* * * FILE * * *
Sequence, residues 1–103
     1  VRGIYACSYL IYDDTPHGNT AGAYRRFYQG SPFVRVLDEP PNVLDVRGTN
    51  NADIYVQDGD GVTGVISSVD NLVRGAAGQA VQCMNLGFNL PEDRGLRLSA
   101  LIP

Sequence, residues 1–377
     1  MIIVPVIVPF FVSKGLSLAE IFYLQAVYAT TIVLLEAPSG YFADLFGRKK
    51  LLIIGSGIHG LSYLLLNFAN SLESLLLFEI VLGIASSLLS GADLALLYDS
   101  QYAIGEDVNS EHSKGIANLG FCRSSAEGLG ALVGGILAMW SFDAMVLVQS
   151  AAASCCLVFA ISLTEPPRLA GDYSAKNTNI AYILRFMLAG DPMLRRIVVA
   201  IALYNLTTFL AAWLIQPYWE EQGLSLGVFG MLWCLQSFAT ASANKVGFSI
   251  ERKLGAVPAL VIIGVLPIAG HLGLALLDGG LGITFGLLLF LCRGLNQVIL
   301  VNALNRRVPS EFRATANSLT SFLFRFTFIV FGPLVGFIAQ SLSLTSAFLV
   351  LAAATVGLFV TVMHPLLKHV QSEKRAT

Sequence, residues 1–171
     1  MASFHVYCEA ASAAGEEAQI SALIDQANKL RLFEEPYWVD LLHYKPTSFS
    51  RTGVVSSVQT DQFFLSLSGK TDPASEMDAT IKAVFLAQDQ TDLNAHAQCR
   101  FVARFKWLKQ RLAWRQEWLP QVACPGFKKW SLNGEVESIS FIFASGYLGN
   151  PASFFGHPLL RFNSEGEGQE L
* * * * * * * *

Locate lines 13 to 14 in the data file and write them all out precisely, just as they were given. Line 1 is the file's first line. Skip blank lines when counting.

   351  LAAATVGLFV TVMHPLLKHV QSEKRAT

Sequence, residues 1–171